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Celebrating birth anniversary of one of India’s first modern painters – Gagan Thakur

17 September, 2020 12:00:34
Celebrating birth anniversary of one of India’s first modern painters – Gagan Thakur

He was a self-taught artist. Yet, he excelled in his art forms. Gaganendranath Tagore, Abanindranath’s brother, was one of the first modern painters of India, who brought in global art forms to Bengal. He was the first to learn Japanese brushwork from Kakuzo Okakura and other visiting Japanese artists at Santiniketan. Beginning to paint rather late in life at the age of thirty-eight, he played an important role in the establishment of the Indian Society of Oriental Art, Calcutta, in 1907. In his early artistic life, he painted Puri landscapes, portraits and other figurative sketches, scenes from Calcutta and illustrations for Rabindranath Tagore’s Jeevansmriti, consisting of his own early works Sibu Kirtania and Crows.


In 1914, six of his works were sent to London and then to the Pavilion Marson exhibition in Paris. It was after this that he introduced cubism in his works. He is known for the portfolio of cartoons Birupa Bajra, a merciless satire of contemporary Bengal society, and the witty caricatures of Adbhut Lok, published as Realm of the Absurd. The 1923 exhibition of his works in Berlin and Hamburg received praise from German critics for his modernistic outlook, expressionist tendencies and dynamic presentation of space. Tagore’s images are neither abstract nor archaic, he used form as a medium to communicate and emphasized the structural quality in his works through semi-abstraction.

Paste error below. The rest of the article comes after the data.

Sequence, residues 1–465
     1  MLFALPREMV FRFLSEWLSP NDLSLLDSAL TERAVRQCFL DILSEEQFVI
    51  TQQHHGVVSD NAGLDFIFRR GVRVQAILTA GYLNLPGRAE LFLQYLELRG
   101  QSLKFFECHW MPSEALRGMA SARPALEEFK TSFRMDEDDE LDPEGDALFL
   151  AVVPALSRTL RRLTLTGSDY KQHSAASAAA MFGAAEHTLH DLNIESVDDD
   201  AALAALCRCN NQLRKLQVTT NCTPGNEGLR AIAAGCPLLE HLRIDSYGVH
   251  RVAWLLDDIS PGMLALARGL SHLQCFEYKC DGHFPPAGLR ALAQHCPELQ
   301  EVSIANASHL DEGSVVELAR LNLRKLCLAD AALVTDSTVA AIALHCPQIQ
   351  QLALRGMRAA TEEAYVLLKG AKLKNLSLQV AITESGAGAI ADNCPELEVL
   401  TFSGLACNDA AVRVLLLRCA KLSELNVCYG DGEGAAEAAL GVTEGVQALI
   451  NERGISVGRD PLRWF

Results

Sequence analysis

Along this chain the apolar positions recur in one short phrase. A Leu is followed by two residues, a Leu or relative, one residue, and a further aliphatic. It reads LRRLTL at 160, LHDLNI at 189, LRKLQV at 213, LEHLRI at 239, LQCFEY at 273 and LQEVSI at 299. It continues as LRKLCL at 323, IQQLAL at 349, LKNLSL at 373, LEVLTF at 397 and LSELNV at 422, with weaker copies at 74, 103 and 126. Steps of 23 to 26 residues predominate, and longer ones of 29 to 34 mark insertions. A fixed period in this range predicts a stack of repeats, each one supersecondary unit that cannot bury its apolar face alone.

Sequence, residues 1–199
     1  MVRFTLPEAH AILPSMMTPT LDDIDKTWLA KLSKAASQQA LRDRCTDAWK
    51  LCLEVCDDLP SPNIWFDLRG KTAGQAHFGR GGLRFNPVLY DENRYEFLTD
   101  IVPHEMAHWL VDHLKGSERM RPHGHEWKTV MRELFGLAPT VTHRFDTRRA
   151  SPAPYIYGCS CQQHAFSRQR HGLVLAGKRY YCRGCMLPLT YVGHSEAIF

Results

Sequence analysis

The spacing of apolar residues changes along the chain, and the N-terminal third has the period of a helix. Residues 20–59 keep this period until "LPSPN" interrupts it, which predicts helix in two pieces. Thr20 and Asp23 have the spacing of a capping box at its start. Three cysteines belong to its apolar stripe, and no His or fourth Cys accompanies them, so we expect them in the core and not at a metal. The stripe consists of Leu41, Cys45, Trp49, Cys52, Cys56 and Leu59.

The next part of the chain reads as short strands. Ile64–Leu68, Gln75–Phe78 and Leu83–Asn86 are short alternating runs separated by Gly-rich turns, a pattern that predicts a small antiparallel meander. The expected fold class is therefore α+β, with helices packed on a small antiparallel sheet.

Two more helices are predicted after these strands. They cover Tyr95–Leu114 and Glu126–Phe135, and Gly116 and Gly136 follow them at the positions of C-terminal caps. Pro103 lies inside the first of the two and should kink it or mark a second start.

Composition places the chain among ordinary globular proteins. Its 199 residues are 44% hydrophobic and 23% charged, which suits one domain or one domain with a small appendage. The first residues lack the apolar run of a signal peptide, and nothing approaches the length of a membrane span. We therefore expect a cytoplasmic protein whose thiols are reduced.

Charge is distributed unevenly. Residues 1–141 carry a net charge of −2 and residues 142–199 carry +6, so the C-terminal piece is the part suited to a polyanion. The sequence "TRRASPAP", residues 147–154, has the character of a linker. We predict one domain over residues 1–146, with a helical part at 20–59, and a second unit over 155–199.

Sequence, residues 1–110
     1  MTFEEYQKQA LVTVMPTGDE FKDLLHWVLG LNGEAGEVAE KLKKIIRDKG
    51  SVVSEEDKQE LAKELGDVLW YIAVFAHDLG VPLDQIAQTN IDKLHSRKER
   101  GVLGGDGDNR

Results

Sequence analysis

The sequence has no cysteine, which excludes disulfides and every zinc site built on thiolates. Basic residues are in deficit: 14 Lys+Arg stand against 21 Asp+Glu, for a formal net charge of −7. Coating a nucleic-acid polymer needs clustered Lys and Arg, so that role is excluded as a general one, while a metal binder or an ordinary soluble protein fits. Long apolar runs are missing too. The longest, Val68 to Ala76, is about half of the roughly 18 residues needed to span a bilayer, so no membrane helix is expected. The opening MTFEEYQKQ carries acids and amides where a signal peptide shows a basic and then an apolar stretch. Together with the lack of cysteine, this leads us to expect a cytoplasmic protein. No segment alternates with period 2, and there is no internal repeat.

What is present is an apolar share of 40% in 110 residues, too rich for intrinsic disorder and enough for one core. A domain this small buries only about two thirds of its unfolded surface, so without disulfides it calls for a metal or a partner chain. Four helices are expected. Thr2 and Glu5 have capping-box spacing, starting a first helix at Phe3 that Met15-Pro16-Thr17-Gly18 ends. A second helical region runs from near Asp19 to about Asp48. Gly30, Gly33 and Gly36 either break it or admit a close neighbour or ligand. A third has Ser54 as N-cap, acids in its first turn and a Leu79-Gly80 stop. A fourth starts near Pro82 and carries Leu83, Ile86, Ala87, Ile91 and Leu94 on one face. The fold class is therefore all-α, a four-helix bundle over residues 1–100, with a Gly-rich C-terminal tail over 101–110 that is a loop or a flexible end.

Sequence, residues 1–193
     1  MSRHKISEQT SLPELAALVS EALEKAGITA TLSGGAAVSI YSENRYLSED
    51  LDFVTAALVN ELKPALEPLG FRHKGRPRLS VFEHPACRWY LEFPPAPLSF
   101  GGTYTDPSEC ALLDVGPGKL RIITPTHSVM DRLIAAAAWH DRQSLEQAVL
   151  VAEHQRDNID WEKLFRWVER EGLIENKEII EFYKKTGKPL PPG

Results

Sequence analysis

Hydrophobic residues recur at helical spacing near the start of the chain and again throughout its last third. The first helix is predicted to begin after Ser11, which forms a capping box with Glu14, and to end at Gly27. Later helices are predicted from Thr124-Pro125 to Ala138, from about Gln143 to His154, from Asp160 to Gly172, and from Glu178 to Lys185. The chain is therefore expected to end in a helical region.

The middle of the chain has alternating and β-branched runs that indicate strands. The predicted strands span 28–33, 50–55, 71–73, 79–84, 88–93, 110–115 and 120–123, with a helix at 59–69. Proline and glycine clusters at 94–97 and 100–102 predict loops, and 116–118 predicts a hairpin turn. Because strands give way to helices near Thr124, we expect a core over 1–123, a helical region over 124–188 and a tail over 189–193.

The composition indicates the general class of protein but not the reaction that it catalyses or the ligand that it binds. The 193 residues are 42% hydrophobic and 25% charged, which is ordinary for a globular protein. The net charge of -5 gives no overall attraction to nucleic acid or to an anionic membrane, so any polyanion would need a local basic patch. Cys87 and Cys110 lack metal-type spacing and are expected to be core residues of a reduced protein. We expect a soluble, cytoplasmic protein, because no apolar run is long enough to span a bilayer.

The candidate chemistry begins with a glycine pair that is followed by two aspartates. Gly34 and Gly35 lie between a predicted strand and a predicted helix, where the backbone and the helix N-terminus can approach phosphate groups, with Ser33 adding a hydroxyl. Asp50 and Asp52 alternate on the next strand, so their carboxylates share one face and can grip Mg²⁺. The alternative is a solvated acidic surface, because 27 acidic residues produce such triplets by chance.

Interestingly, he was also attached to the first NGO of India started in 1917, from this very city by some leading brains of Bengal. With the British monarchy exploiting weavers of the country, some people came together to help them sell their products. Thus, was born Bengal Home Industries, to promote handlooms and handicrafts of Bengal. Gaganendranath Tagore and Abanindranath Tagore joined hands with Maharajas of Cooch Behar and Burdwan to promote weavers of Bengal.

The first store of Bengal Handloom Industries was set up near Hogg Market and clocked sales worth Rs 21,000 in the first year itself. Wife of Lord Carmichael, the then Governor General of Bengal was also a huge patron of Bengal handlooms. To honour Lady Carmichael, Bengal Home Industries introduced Carmichael Duck, designed by none other than Gaganendranath Tagore himself. The idea of designing this wooden block came when Gaganendranath and Lady Carmichael were visiting a village of block printers and the lady was enchanted to see resting ducks. Gaganendranath Tagore immediately created a drawing of such a duck and transferred it to a block. This block can still be seen on many sarees.

Story Tag:
  • Gaganendranath Tagore, Artists, Painting

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